Over the last week all the news has revolved around L with early leaks of its features and images. This morning we also reported of L’s source code released as a developer preview. This immediately led to many news articles incorrectly reporting that third party ROM builders will be able to soon offer L based ROM builds.
Well, according to CM (CyanogenMod) who is probably the most well-known third party ROM builder this will not be happening anytime soon. Instead CM is not so keen to jump on the L bandwagon and are holding a much more reserved and held-back position by releasing a statement very clearly indicating “L is for Later”.
VLC is the most popular Open Source video player which can play virtually any video and audio formats on the desktop PCs. It beats every video player out there whether it be QuickTime or Windows Media Player. When we talk about Android, the situation is not much different as due to ARM’s mess, its really tricky to get all videos to play. There are some apps but they are either paid, proprietary or they just don’t work that well. In a nutshell, we need VLC for Android.
Google hasn't yet released details on what specific handsets will work with Android Auto — but it seems like a safe bet that LG's future smartphones will work with the new system. And if the company keeps putting out phones as good as the G3 we reviewed last month, Android Auto support will be another point in favor of LG.
While Fedora 21 is planning for open-source OpenCL support "out of the box", the same can't be said for Ubuntu 14.10. Ubuntu developers aren't looking for any stock OpenCL support be made available in the next distribution release.
While more OpenCL software is offering code-paths for OpenCL support from LibreOffice to The GIMP for faster processing by leveraging GPUs, there apparently isn't a compelling enough reason for Canonical to support OpenCL out-of-the-box on Ubuntu Linux quite yet. The open-source driver support for OpenCL continues to improve with Intel's Beignet and the OpenCL Gallium3D state tracker for the Radeon/Nouveau drivers, which can now run Bit Coin miners, etc.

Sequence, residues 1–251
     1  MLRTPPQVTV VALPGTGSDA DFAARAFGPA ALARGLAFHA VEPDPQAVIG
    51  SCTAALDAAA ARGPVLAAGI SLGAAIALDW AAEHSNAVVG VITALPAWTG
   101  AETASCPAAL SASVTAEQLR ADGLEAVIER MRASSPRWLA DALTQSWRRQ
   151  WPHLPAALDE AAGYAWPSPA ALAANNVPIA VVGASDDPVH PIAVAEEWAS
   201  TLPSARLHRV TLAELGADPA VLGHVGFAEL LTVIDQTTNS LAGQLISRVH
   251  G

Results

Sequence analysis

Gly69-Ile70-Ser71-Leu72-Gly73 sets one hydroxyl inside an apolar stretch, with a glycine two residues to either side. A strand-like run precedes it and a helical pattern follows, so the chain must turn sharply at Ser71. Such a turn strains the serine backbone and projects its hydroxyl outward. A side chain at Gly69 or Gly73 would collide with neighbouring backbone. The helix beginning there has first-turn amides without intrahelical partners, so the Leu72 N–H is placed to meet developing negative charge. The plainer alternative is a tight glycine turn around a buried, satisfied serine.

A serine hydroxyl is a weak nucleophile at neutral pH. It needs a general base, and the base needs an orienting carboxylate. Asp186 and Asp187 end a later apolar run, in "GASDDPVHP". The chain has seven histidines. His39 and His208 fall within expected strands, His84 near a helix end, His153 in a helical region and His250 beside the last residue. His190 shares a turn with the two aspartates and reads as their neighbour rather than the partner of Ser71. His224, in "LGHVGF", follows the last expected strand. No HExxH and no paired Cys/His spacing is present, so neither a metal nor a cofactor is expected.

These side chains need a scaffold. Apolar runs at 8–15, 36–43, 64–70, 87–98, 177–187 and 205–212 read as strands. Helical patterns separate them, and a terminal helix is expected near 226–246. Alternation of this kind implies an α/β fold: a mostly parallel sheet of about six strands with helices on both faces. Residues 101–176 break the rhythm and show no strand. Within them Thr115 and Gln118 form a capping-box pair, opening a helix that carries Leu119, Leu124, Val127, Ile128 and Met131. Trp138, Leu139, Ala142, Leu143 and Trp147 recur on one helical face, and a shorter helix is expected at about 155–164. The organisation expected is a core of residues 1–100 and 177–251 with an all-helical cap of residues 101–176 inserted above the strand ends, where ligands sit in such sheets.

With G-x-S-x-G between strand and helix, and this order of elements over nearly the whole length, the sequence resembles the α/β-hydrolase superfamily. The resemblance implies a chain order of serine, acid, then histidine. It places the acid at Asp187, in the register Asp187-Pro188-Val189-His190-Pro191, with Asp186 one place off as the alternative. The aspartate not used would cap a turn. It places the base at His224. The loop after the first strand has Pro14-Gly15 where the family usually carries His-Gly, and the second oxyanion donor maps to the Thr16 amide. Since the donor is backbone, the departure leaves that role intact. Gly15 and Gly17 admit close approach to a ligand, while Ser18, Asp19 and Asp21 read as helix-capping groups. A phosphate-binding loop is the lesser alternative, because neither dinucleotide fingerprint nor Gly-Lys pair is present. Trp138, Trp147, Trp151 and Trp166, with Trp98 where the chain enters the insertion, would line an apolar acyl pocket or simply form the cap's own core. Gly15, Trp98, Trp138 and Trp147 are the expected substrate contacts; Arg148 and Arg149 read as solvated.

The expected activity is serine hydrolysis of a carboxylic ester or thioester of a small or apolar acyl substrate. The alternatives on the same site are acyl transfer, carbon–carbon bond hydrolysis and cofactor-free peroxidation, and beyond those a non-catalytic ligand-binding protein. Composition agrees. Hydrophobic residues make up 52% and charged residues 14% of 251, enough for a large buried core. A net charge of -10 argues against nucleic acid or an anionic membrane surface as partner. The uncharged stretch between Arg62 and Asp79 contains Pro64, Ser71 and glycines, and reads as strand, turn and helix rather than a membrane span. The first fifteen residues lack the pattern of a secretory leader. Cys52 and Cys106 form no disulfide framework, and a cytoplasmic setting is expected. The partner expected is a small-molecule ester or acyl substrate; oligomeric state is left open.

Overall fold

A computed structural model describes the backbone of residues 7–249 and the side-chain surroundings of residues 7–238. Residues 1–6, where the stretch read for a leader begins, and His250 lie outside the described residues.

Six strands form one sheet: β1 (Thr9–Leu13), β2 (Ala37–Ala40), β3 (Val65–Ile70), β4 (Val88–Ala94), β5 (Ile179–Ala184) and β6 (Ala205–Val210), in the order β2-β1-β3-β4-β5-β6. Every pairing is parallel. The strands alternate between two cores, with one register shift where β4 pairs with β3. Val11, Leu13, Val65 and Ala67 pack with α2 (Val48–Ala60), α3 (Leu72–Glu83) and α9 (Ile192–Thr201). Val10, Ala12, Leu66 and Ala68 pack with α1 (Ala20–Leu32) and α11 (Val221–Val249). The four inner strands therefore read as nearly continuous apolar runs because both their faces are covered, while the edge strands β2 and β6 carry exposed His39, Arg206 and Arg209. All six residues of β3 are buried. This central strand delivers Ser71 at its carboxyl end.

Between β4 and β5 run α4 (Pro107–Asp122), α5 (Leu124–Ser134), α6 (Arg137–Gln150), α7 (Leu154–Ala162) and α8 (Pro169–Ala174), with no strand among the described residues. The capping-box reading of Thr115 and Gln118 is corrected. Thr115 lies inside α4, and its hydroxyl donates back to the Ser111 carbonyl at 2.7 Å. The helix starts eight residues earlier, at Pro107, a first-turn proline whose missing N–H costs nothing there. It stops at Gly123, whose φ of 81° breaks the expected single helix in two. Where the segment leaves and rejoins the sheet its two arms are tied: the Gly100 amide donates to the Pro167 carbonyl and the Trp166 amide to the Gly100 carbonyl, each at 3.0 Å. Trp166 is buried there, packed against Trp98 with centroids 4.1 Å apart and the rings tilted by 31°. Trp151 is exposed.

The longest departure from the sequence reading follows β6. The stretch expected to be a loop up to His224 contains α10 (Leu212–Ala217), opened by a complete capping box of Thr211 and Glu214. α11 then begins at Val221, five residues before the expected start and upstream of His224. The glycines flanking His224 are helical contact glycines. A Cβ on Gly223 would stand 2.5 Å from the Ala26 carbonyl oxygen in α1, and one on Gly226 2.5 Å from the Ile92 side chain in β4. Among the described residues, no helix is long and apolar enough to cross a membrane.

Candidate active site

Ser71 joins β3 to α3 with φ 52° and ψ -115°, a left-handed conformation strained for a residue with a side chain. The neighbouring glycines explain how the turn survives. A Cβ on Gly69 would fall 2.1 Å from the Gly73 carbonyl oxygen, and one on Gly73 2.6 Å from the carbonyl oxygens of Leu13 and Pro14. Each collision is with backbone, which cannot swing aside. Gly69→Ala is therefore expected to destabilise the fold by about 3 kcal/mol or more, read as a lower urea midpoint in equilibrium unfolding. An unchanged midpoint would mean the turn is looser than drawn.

So I figured I'd ask here because I want an answer from a Linux perspective. A few months ago I noticed some devices on my network that did not belong. I was able to kick most off except one. At first it showed a connection over wireless. When I killed it, it reappeared as a lan connection. I used rules to let it stay connected but not give it any bandwidth. After a couple days it was gone but I was still noticing bandwidth issues. I wiped the routers, changed the passwords and started over.
Fast forward a few months. Everything was fine for a while but seems to have slowed down a bit recently. I did the usual troubleshooting and everything seemed ok albeit still a bit slower than I was used to but not as bad as it was before the last wipe. My roommate tells me today that again there are extra devices connected. The last time there was one persistent connection it was given the same hostname as one of my PC's but all capitalized letters instead of lowercase. Now it has a completely different name. I didn't record the Mac address last time so I'll not sure it's the same device. But it switched from wlan to lan when it was disconnected first and now it won't release.